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Molecular Biology Techniques. A Classroom Laboratory Manual. Edition No. 4

  • Book
  • March 2019
  • Elsevier Science and Technology
  • ID: 4659907

Molecular Biology Techniques: A Classroom Laboratory Manual, Fourth Edition is a must-have collection of methods and procedures on how to create a single, continuous, comprehensive project that teaches students basic molecular techniques. It is an indispensable tool for introducing advanced undergraduates and beginning graduate students to the techniques of recombinant DNA technology-or gene cloning and expression. The techniques used in basic research and biotechnology laboratories are covered in detail. Students will gain hands-on experience on subcloning a gene into an expression vector straight through to the purification of the recombinant protein.

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Table of Contents

Part I: Manipulation of DNA Advanced Alternatives Within Part I 1. Getting Oriented; Practicing With Micropipettes 2. Purification and Digestion of Plasmid (Vector) DNA 3. Completion of Vector Preparation and Polymerase Chain Reaction Amplification of egfp 4. Preparation of Insert DNA (egfp) PCR Product 5. DNA Ligation and Transformation of Escherichia coli

Part II: Screening Transformants Advanced Alternatives Within Part II 6. Screening of Transformants, Part I 7. Screening of Transformants, Part II 8. Analysis of DNA Sequence From a Positive Clone, Part II

Part III: Expression, Detection, and Purification of Recombinant Proteins from Bacteria Advanced Alternatives Within Part III 9. Expression of Fusion Protein from Positive Clones, SDS_PAGE and Western Blot: Part I 10. Expression of Fusion Protein from Positive Clones, SDS_PAGE, and Western Blot: Part II 11. Extraction of Recombinant Protein From Escherichia coli Using a Glutathione Affinity Column 12. Analysis of Purification Fractions

Part IV: Analysis of mRNA Levels 13. Total RNA Purification 14. Analysis of gst::egfp mRNA Levels by RT-qPCR: Part I 15. Analysis of gst::egfp mRNA Levels by RT-qPCR: Part II 16. Analysis of gst::egfp mRNA Levels by Semiquantitative RT-PCR: Part I 17. Analysis of gst::egfp mRNA Levels by Semiquantitative RT-PCR: Part II

Part V: Modulation of Gene Expression 18. Culturing Mammalian Cells 19. Transient Transfection of Mammalian Cells 20. RNAi-Mediated Knockdown of EGFP: Part I 21. RNAi-Mediated Knockdown of EGFP: Part II 22. RNAi-Mediated Knockdown of EGFP: Part III 23. CRISPR-Mediated Knockout of EGFP: Part I 24. CRISPR-Mediated Knockout of EGFP: Part II 25. Advanced CRISPR: Part I 26. Advanced CRISPR: Part II 27. Interim Laboratory Session 28. Advanced CRISPR: Part IV 29. Advanced CRISPR: Part V 30. Advanced CRISPR: Part VI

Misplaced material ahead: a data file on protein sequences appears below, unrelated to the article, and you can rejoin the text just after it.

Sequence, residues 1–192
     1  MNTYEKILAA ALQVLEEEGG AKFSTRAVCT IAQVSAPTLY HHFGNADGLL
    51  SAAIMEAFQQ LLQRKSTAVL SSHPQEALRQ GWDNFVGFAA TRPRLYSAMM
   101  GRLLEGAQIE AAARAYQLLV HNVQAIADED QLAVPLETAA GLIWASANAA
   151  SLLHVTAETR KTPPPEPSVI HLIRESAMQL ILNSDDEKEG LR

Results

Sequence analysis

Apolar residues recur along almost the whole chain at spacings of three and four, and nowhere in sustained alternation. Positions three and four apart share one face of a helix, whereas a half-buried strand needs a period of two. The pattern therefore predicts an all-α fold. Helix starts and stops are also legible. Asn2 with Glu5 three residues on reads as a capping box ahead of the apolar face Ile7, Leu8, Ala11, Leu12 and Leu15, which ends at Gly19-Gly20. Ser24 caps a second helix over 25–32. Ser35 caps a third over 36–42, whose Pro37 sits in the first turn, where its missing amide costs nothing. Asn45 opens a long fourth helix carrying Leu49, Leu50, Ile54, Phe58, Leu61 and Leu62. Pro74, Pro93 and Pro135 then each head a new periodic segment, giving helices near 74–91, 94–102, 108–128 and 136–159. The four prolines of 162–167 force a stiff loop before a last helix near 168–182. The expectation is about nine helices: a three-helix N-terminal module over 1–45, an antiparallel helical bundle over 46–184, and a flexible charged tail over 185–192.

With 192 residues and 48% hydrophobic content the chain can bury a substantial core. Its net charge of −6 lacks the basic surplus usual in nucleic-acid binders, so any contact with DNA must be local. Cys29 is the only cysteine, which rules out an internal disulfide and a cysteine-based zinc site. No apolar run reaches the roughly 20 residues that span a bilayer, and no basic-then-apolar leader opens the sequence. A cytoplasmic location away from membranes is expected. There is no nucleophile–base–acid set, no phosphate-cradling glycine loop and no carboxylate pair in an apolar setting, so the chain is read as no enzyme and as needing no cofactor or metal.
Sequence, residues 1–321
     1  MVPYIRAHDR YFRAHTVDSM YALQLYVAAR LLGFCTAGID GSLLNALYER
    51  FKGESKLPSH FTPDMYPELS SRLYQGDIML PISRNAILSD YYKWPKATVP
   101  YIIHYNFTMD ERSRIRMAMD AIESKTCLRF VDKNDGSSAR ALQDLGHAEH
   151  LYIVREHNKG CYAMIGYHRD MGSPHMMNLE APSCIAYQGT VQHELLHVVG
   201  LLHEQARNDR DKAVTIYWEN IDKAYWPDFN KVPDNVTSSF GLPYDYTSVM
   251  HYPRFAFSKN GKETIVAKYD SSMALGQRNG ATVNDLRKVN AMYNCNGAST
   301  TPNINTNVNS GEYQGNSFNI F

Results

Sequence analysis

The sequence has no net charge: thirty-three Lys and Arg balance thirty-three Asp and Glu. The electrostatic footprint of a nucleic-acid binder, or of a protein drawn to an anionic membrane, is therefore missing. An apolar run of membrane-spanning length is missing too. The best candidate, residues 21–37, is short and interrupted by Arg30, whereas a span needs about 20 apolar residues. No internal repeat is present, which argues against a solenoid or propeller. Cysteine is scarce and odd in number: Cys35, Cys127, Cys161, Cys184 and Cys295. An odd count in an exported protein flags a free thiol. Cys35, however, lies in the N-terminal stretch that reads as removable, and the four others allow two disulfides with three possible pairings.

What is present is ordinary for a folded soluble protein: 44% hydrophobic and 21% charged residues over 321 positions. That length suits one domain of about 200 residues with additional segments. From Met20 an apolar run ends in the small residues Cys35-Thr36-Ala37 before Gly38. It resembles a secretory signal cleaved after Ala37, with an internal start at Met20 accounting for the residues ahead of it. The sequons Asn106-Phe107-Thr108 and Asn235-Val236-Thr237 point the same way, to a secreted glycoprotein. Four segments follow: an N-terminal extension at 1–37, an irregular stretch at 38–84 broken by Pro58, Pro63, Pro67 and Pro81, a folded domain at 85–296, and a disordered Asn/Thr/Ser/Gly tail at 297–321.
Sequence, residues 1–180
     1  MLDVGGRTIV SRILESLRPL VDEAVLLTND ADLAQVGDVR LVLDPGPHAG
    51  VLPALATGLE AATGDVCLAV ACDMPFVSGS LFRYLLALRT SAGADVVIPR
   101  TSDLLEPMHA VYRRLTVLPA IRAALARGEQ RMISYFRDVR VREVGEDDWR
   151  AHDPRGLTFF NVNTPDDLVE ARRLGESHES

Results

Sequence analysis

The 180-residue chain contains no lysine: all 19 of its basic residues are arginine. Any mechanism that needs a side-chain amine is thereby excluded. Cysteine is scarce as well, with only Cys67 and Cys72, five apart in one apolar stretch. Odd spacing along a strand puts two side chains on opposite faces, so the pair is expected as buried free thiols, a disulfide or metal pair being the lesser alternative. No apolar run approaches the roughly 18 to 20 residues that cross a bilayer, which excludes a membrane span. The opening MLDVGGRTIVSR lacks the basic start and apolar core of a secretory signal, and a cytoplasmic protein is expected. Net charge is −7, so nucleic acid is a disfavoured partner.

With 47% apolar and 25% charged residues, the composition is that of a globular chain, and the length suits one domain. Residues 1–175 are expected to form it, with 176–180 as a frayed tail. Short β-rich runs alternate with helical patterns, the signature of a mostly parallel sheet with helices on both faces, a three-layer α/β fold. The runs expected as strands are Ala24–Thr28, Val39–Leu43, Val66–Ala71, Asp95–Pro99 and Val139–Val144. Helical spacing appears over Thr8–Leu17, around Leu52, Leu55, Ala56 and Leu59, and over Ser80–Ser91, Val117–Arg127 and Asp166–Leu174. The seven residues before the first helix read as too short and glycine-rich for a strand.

Appendix A: Equipment B: Prep List  C: Preparation of Competent Escherichia coli Cells  D: Pre-Lab Questions


Sue Carson North Carolina State University, Raleigh, U.S.A.. Heather B. Miller Department of Chemistry, High Point University, High Point, NC USA. Dr. Heather Miller is an Assistant Professor of Biochemistry in the Chemistry Department at High Point University (High Point, NC). She graduated from Clarion University of Pennsylvania (Clarion, PA) with a B.S. in Molecular Biology/Biotechnology, and from Duke University (Durham, NC) with a Ph.D. in Molecular Genetics and Microbiology. She completed a teaching postdoctoral position in the Biotechnology Program at North Carolina State University (Raleigh, NC). Her area of scientific expertise is RNA biology. Her research focuses on HIV-1 gene expression and the coupling of transcription and splicing in humans. She has taught at the college level for nine years, and is engaged in the scholarship of teaching and learning. Melissa C. Srougi Assistant Professor of Biochemistry, High Point University. Dr. Melissa C. Srougi is an Assistant Professor of Biochemistry at High Point University. She graduated from the University of Toledo (Toledo, OH) with a B.S. in Biology, and from Case Western Reserve University (Cleveland, OH) with a Ph.D. in Pharmacology. Her scientific areas of expertise are in experimental cancer chemotherapeutic agents and mechanisms of chemotherapeutic resistance. Dr. Srougi actively trains undergraduate research students in her laboratory. In addition, she has developed and taught a variety of inquiry-based college level science courses and has published and presented a number of peer-reviewed papers in the scholarship of teaching and learning. D. Scott Witherow Department of Chemistry, Biochemistry, and Physics, The University of Tampa, Tampa, FL USA. Dr. Witherow graduated from Rollins College (Winter Park, FL) with an A.B. in Chemistry, and from the University of Miami (Miami, FL) with a Ph.D. in Molecular and Cellular Pharmacology. His research has focused primarily on G protein-mediated signal transduction processes in mammalian systems. Following two research postdoctoral fellowships, Dr. Witherow served as a teaching postdoctoral fellow at North Carolina State University, where he published and presented multiple papers in the field of science education and developed a passion for teaching. He is currently an Associate Professor at The University of Tampa, where he has been teaching undergraduate students since 2011.